An Atheist without guile, indeed.
Your Gilchrist memories triggered my own, for some reason, of a time I was in my parents attic–it must have been when they were moving out of the Detroit house to the Southfield apartment.
Under what they called “the eaves”, in the second floor attic remodeled as a master bedroom, was a box of letters. And the one that came to me like a bolt of revelation was one my father saved, written to him by a co-worker when he was a young up-and-comer in the insurance business.
My father, you may recall, was (what was the adjective you used that hit the mark?….it will come to me…not curmudgenly, which I can’t spell, so glad it wasn’t that….but) irrascable (which I also can’t spell, be back in a minute after looking it up.)
[While Ken has wandered off, let me fill you in. On one of our yearly walks through his neighbourhood, Ken asked me what I thought of his father. I told him that his father reminded me of the fictional — and irascible — Mr. Wilson on Dennis the Menace. Back to Ken.]
Irascible: irritable, prone to anger. When you said that, btw, I thought, what a treasure to know someone who goes back so many years and could say what it is I saw as a judging young lad, irritated by my father’s chronic irascibility.
It was the perfect word, because it dignified his anger. That was it: he was prone to anger….and what I didn’t know at the time was that he had been in the worst mortar shelling to date in WW2, November 11 1944 (four years before my oldest sister was born, and Veterans Day to boot.) His nervous system was assaulted as he ran through a field of exploding shells–one that took two guys on either side of him out as they scrambled for cover at the base of a tree.
Had I misremembered? Was he really just normally irritable? Was my memory too harsh? No…..Marc knew. Mr. Wilson was irascible. And now, I can spell that word. So thank you.
But back to my attic memory. The letter I pulled out of the cardboard box of letters knew a different Glen than the irascible man we knew. The writer of the letter was marveling at what a talented salesman my father was: Smart, funny, fun to be around, a real rising star in the world of business. Which never happened.
The PTSD that no one even knew to name back then — anything less than total “shell shock” went virtually undiagnosed and untreated — caught up with him, I guess, and irascibility took hold. I could use a few of your tears to shed over that. All those damning thoughts — why do you have to be so grumpy all the time? Make everyone around you walk on eggshells? — just born of [childhood] ignorance.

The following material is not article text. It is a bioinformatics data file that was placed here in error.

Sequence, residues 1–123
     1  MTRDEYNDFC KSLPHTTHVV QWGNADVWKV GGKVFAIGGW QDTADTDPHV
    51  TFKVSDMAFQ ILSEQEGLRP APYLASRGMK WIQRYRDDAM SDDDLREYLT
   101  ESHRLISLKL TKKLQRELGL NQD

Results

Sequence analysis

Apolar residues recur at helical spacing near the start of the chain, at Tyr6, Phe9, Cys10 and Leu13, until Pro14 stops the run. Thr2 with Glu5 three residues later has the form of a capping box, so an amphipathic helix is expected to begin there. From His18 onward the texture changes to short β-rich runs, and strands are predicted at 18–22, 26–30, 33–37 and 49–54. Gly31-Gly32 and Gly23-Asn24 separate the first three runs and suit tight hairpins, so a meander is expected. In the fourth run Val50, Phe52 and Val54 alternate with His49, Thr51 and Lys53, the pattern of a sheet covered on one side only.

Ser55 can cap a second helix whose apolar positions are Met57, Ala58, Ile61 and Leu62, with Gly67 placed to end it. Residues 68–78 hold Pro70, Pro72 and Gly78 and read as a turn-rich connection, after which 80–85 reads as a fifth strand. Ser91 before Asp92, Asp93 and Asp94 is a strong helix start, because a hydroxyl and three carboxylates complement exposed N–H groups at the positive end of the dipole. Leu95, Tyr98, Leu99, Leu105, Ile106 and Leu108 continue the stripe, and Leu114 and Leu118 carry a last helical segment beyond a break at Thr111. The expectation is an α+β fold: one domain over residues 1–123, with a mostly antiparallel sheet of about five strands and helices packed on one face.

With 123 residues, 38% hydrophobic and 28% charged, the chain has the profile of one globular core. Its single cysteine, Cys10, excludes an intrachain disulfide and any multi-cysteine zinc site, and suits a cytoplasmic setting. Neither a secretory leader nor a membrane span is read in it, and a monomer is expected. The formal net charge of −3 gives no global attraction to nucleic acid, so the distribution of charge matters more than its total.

Nobody knew what he was going through, least of all the man going through it. Note to self: distrust damning thoughts.
Yeah, and that milkshute. OK how do you spell that? Milkschute? Milkchute? Milk chute? There it is. And memories of shining dad’s shoes down in that back door area, what did we call that? Basement landing? Something. Give me a memory hand here it was called something in particular. The little depressed area where the front door opened into was the “vestibule” I think. What was that little area going from the kitchen to the back door and/or downstairs?
[We called it the “back landing”, Ken. Our front entryway was also called the vestibule. Where did we get these crazy, elitist notions?]
And your going through so many years of accumulation, time detritus, aka memory holders…..makes me glad, and a little sad, that all the stuff my kids pitched after Nancy Rozell died. She was a bit of a pack rat. They ordered up a huge — no, I can’t use that word anymore until after the Impeachment — a very large dumpster, and in a week’s worth of steady work cleared the place of all those memory holders. And now i wish I had a little more of that crap.
So suck the memories out of every last object, I say! What’s the rush?
See? You got me talking. An Atheist (with Israelite roots) in whom there is no guile indeed. With so many of our sleazy ideas of God so, literally, God-Damnably idolatrous, I say Atheism is a step, at the very least, in the right direction. We could all use a good dose of Atheism these days to get us closer to whatever God is or Isn’t.
Ken Wilson is the author of
A Letter to my Congregation, which
this Atheist believes is an important book.
This letter edited lightly and slightly for clarity,
with as few interjections as I could muster.